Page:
It’s hard to avoid politics these days with midterm elections approaching. A widely reported July Harvard Center for American Political Studies (CAPS) and Harris Poll paints a disturbing picture as a large majority of American voters do not want either Joe Biden or Donald Trump to run for president in 2024. That’s significant.

Seventy-one percent of respondents said President Biden should not seek a second term. Reasons given were: he’s been a bad president, he’s too old and they have doubts about his mental fitness. After just 18 months in office, they’ve seen enough. They say he is a liability to the party and he should step aside at the end of his term.

Meanwhile, 61 percent of respondents said former President Trump should not run. Americans said Trump is too erratic, he will further divide the country and 30 percent said he was clearly responsible for the Jan. 6 assault on the nation’s Capitol building. Many believe he lacks a moral compass.

Most reasonable people cannot abide by Trump’s abrasive and boorish demeanor. Trump has covert narcissism and always wants to be the center of attention. He antagonizes most Americans with his preoccupation with the Big Lie that the 2020 election was stolen from him. Like Biden, he is a net liability to the party going forward.

Moderate Republicans wish Trump would step aside but he should also vigorously endorse a conservative candidate with more media savvy, more diplomatic adroitness and more general appeal. They want a new face for the Republican Party. Failure to move forward may divide the party and hand the Democrats a win in 2024.

Trump does have a loyal following. However, he hasn’t shown a willingness to go away quietly. Many Republicans are quietly hoping the Jan. 6 hearings will help solve their Trump problem. If Trump is charged with a crime by Attorney General Merrick Garland, Trump would be denied the opportunity to run in 2024.

The public is not happy. Seventy-five percent think the country is moving in the wrong direction. A recent New York Times/Siena College poll said Biden’s job-approval rating sits at just 33 percent. The Rear Clear Politics composite index had his job-approval at 38 percent.

The survey said Biden has failed at handling the economy/inflation, getting legislation passed in Congress and securing the southern border. The Harris Poll showed only 30 percent of Democrats would vote for him in a Democratic presidential primary, according to Mark Penn, the co-director of the Harris survey.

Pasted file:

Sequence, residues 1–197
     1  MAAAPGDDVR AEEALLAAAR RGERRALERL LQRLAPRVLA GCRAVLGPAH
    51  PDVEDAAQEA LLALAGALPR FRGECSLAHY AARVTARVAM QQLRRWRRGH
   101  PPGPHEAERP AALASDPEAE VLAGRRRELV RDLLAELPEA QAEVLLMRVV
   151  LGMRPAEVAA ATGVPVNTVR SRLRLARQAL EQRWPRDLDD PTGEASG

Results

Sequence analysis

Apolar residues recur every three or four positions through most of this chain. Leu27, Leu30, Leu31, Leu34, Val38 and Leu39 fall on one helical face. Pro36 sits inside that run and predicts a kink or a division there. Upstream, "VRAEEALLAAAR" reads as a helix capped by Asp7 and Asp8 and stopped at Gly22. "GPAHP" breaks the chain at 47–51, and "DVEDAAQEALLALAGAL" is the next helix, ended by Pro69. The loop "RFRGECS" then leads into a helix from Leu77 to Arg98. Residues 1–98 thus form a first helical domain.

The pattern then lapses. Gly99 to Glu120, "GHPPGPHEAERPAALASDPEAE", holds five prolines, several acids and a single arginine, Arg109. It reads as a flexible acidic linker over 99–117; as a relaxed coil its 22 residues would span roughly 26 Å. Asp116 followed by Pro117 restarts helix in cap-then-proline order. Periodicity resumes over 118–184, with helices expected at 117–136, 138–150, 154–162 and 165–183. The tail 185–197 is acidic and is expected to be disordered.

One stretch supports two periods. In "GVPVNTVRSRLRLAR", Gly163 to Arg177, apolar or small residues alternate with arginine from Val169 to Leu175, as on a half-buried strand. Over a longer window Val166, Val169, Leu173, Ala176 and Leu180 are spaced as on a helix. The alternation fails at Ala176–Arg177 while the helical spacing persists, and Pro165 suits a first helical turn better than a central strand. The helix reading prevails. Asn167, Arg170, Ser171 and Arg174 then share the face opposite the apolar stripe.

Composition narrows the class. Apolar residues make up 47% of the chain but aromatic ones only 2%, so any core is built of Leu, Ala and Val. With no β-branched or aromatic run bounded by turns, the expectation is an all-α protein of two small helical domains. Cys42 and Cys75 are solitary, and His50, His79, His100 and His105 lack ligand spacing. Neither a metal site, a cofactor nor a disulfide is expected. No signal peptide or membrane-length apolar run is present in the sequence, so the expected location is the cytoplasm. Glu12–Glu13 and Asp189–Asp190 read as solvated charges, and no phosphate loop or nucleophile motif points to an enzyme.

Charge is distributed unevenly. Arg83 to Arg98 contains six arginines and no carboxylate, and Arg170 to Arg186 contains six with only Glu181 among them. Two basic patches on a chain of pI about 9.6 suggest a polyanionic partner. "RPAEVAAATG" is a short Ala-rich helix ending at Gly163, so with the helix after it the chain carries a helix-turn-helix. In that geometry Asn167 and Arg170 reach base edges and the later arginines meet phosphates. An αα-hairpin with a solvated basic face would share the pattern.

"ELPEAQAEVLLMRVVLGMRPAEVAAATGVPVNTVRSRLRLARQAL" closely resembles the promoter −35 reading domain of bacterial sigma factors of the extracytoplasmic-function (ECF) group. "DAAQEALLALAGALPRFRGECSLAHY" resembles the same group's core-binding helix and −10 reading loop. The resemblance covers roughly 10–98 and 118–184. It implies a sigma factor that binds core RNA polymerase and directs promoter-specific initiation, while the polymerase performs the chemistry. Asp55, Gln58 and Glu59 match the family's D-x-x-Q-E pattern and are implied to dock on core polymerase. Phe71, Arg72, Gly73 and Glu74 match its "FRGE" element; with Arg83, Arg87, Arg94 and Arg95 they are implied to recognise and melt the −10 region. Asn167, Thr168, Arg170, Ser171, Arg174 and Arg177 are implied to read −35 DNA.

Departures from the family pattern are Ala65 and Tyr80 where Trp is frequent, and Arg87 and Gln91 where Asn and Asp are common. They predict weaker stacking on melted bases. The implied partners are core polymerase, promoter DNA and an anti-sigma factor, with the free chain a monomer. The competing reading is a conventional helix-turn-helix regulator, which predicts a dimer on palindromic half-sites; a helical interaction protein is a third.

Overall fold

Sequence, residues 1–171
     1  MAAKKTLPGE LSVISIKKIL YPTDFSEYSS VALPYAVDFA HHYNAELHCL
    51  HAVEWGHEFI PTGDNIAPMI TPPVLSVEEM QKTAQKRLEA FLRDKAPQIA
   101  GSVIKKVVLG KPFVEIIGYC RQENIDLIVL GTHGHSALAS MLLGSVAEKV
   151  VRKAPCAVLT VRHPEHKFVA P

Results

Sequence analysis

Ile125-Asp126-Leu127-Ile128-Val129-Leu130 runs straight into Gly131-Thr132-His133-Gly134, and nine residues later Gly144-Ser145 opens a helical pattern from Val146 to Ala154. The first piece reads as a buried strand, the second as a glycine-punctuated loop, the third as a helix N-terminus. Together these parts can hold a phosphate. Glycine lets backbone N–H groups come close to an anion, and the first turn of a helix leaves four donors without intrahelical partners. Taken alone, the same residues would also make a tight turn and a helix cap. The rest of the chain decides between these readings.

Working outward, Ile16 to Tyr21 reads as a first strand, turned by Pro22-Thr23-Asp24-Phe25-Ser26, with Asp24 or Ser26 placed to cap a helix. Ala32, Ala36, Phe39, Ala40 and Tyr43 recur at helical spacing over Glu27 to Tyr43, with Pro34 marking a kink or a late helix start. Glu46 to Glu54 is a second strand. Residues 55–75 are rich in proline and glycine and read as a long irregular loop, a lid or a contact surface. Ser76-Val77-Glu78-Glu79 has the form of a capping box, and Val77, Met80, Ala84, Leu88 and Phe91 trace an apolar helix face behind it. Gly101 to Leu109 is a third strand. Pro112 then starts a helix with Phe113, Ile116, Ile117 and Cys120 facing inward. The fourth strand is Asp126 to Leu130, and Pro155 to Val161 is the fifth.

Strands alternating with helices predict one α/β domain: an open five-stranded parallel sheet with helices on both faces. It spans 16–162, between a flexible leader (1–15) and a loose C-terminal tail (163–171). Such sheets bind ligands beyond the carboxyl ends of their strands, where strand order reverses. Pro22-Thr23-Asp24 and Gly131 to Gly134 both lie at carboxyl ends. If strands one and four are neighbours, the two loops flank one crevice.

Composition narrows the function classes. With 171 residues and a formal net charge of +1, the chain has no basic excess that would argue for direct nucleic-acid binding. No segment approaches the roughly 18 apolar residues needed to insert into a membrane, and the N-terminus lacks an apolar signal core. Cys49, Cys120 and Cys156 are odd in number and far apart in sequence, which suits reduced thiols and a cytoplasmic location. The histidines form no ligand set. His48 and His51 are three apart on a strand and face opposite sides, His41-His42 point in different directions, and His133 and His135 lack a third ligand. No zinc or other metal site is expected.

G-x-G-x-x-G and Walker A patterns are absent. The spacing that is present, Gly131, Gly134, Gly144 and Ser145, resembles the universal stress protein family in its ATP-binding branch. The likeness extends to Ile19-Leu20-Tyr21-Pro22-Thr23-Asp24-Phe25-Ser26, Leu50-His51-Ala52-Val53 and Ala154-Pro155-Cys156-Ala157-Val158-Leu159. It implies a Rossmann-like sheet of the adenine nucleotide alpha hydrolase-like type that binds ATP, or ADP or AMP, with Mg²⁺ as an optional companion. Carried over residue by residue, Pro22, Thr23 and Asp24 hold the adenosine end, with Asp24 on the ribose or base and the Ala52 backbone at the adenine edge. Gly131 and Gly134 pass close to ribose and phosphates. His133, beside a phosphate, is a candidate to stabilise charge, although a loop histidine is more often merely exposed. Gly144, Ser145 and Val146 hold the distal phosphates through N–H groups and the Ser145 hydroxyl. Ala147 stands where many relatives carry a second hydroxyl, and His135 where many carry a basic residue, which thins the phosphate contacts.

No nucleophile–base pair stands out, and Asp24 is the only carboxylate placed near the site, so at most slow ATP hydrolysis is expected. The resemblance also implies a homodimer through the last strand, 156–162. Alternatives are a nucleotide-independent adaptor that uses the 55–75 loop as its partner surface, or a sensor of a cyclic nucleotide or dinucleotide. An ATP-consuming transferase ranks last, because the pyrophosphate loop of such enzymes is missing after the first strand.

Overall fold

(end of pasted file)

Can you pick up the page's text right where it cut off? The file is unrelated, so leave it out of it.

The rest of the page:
Many Americans are ready for younger candidates. Both Biden, 79, and Trump, 76, are too old. So are Bernie Sanders, 80, and Hillary Clinton,74. Vice President Kamala Harris, 57, is younger but her job-approval rating may be even lower than Biden’s. Who else might want this impossible, thankless job?

California Gov. Gavin Newsom, 54, and Illinois Gov. J.B. Pritzker, 57, are testing the waters. There are Transportation Secretary Pete Buttigieg, 40, and Senators Elizabeth Warren, 73, and Amy Klobuchar, 62, who have presidential ambitions.

On the Republican side, Florida Gov. Ron DeSantis, 44, is talking like a challenger to Trump. Other notables are Mike Pence, 63, Virginia Gov. Glenn Youngkin, 55, Mike Pompeo, 58, Nikki Haley, 50, Maryland Gov. Larry Hogan, 66, Rep. Liz Cheney, 56, and Sen.Tom Cotton, 45. They just need Trump to exit the stage and remove the negativity that surrounds him. The party’s candidate could use Trump’s endorsement, but not his bluster.

Could there be an independent, third party candidate if we get a repeat of Biden-Trump in 2024? Is that an acceptable option? Is that the best we can hope for?

The polls say 60 percent of voters would consider a moderate independent candidate. How about a moderate Republican and a moderate Democrat joining forces in an effort to unite the country? By party, 53 percent of Republicans and 64 percent of Democrats said they would consider a ticket featuring moderates.